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Special on overwintering plants

For the whole summer, you have nourished and looked after your potted plants. Now winter and the risks it brings might be threatening your plants. We would like to give you a few helpful tips to help you take good care of your potted plants.

Before taking your plants inside, into their winter quarters, clean them properly. Remove all fallen leaves, any withered or diseased foliage, and all dead wood. If there are pests on a plant, you need to treat it before taking the plant in. Never bring plants inside for winter with pests on them.

Then choose a suitable location. Deciduous plants can be put away in a dark place for the winter, but evergreens need light. The warmer the location, the more light the plants need. Regarding temperature, there are three different categories: Plants which tolerate frost, plants which need to stay frost-free, and plants which need to stay warm over the winter. It is best to keep Mediterranean plants in a light place at temperatures of between 10-12 °C over the winter and to water them moderately so that they don't dry out. Keep tropical plants in a light place at a temperature of 20/22 °C and water appropriately so that they are not too wet but stand in moist soil.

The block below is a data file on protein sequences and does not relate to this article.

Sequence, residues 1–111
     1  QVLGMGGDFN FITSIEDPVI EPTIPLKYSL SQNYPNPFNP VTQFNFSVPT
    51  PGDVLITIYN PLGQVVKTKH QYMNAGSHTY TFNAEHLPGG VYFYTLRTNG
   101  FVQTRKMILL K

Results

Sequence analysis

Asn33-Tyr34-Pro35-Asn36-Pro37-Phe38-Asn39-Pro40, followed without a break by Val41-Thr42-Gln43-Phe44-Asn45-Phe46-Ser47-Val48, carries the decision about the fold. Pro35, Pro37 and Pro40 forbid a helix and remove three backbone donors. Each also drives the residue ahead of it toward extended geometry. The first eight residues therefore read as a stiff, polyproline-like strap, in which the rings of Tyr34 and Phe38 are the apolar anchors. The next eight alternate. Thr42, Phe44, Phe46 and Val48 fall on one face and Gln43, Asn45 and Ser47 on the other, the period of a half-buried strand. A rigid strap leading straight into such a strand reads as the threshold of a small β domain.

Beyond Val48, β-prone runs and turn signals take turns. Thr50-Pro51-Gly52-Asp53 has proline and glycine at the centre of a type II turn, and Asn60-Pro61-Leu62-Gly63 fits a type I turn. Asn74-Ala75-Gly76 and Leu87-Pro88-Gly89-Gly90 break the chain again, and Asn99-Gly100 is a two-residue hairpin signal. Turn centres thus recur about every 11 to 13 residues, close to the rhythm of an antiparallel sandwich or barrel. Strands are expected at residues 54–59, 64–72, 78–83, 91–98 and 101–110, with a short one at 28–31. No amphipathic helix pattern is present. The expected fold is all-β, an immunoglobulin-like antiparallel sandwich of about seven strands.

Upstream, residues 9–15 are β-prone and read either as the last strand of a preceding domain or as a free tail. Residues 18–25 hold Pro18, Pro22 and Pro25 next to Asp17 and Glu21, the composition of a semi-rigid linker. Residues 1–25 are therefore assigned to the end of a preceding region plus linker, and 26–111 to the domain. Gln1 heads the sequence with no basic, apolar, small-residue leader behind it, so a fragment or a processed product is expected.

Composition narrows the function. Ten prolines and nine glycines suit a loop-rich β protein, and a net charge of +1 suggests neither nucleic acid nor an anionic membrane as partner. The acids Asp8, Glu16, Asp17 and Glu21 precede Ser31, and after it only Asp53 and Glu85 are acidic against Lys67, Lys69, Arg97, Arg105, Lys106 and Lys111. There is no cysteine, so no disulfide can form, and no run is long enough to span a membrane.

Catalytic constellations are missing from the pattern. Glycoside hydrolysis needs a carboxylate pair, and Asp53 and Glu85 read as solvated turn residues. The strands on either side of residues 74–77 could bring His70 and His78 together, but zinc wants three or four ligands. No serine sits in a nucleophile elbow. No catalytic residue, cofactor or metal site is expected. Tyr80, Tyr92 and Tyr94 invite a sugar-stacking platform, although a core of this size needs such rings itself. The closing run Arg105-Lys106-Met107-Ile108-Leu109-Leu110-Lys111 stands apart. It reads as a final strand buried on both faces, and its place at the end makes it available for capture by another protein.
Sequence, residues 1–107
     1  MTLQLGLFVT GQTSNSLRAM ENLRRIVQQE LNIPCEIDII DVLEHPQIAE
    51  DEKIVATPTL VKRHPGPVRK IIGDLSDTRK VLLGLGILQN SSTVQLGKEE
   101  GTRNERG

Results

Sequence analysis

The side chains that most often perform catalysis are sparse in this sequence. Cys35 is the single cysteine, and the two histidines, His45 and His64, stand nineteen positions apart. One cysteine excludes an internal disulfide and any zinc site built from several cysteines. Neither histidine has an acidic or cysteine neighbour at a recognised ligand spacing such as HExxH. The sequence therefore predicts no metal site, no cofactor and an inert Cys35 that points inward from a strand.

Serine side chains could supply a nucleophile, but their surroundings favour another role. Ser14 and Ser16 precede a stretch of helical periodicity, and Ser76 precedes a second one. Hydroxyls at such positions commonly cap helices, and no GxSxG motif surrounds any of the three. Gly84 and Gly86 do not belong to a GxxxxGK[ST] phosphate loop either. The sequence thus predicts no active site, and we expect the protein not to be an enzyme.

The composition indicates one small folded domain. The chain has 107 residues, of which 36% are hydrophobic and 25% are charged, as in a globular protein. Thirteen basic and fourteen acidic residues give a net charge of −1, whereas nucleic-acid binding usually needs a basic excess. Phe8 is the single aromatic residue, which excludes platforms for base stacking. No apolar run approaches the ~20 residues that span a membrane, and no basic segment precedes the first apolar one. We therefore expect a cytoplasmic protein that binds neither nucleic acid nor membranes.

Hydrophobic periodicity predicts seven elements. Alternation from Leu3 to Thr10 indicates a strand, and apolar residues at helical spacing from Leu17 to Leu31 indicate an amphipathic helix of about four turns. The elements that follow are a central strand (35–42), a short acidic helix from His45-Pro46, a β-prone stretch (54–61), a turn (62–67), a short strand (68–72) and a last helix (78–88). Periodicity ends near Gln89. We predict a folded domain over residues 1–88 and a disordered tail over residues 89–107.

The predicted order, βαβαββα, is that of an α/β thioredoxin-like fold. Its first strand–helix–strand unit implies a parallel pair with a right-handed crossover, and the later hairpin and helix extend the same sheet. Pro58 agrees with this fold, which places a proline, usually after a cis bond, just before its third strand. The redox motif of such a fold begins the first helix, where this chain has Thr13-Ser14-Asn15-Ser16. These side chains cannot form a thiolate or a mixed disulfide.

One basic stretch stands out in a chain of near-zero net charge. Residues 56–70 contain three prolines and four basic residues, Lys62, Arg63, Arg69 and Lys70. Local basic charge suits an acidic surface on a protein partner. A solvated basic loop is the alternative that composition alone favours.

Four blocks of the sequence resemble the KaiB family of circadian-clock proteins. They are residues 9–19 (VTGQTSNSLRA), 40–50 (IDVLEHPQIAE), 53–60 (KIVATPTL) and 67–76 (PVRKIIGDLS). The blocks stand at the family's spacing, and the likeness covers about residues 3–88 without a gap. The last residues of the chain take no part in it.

Bring potted plants inside as late as possible and take them out again as early as possible. As a general rule, plants are better off outside than inside, if weather conditions allow it. Since being inside is an abnormal situation for plants, this causes them stress. Angel's trumpets, bougainvilleas, hibiscus and heliotropes, for example, must be protected from frost. Flowering maple, bottle-brush, cassia, citrus, tea-tree and leadwort can withstand freezing temperatures. Mild frost (to approx. -5°C) can be tolerated by hardy plants such as Japanese laurel, Norfolk Island pine, arbutus, Italian cypress, loquat, laurel, olive and Italian maple.

Ensure strict hygiene in the winter quarters. Clean the plants every month like you did before bringing them inside. Check for pests from the end of January since scale-insects may start to appear at this time. Spider mites, mealy-bugs and aphids are also possible from the beginning of February. Make sure that the plants' winter quarters are properly climatised to maintain the correct overwintering temperature. It is just as important to install a frost monitor where necessary, since you will need to provide frost-free ventilation if the temperature is too high. Large glazed winter quarters in particular can get very hot from the beginning of February. Overwintering plants should not, however, be exposed to large fluctuations in temperature or even be taken outside before time.